* rearranging shifts where possible
* assisting other casual staff by paying them for rostered work for two weeks. If the university is closed for longer, “we will review the situation accordingly.”
CRC RACE winner
The feds have announced one of the Round 21 Cooperative Research Centres
It’s the Reliable, Affordable, Clean Energy for 2030 CRC. Lead partner is UTS, with Monash U, Curtin U, UNSW, Griffith U, Uni SA, RMIT, QUT and CSIRO all involved. There are said to be three more CRC announcements. It must be tough for the other winners to keep shtum, given they have known for weeks.
Uni Melbourne works on social media
It’s been four days since a ranking but relax there’s a new issue of one that is different (no surveys, just stats)
Uni Melbourne leads Edurank for February. The UK analytics outfit measures university brand (audience size) and performance (user-growth, posts engagement) on Facebook, Twitter, Instagram and YouTube. The principality of Parkville is in top spot on both brand and performance, ahead of UNSW and Uni Sydney. No surprises here – the three have big social media presences.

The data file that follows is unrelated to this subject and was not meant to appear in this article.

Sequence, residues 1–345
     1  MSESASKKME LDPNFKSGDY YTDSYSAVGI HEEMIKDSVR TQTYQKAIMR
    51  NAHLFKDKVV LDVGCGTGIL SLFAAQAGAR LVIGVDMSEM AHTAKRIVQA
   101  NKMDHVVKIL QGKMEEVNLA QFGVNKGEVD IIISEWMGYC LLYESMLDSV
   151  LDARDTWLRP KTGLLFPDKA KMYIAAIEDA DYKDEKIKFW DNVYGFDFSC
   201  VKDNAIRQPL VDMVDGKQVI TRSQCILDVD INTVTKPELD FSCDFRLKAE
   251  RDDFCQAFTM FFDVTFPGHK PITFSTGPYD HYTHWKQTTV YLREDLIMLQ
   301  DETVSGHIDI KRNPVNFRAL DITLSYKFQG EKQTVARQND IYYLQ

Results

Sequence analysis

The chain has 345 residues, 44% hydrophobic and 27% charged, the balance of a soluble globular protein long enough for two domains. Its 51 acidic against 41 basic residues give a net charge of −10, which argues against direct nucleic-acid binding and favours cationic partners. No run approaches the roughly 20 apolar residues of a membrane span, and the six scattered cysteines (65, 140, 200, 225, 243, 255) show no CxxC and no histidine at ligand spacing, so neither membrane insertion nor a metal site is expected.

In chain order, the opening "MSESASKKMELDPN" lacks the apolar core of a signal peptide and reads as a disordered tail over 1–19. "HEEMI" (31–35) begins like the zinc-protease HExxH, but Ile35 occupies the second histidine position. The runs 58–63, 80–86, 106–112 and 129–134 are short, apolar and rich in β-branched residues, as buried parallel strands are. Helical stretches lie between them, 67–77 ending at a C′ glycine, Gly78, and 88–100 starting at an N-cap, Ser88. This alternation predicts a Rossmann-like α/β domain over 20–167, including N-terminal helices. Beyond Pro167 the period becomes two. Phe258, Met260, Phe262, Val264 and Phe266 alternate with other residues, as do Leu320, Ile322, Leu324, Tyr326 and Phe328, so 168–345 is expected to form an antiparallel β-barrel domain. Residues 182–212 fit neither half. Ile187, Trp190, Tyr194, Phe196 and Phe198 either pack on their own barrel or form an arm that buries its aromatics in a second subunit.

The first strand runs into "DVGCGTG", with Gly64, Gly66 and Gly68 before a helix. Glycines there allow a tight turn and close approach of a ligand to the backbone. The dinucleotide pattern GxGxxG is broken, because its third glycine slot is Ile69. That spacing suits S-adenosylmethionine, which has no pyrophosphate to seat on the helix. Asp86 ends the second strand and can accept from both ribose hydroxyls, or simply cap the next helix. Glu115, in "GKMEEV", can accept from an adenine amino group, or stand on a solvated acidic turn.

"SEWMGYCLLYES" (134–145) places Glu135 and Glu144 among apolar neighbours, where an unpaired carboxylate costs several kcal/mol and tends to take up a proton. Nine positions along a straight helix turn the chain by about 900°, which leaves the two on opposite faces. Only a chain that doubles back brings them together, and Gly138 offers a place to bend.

But it gets interesting after that. The next three have a less to work with, in terms of content-volume and brand-bulk – Swinburne U, Uni SA and La Trobe U. They are ahead of much bigger organisations, Uni Queensland seventh and Monash U, ninth (RMIT is eight).
While social media mavens explain this is the result of search engine optimisation and what not it might be down to good stories cleverly told and artful messages, well-packaged.
The Academy of Science demonstrates how it is done. Back in 2018 it cracked a million Facebook likes, five times it’s US equivalent, (CMM October 5) and it now has 2.1m followers. Creating content that people want to watch and read will do that.
Students ignore comms from campus
More experienced students ignore messages from uni
Study support provider (and CMM advertiser) Studiosity surveyed student attitudes to university correspondence to find the more experienced they are the less attention they pay. Some 84 per cent of the sample studying for five or more years were the least likely to open comms from campus.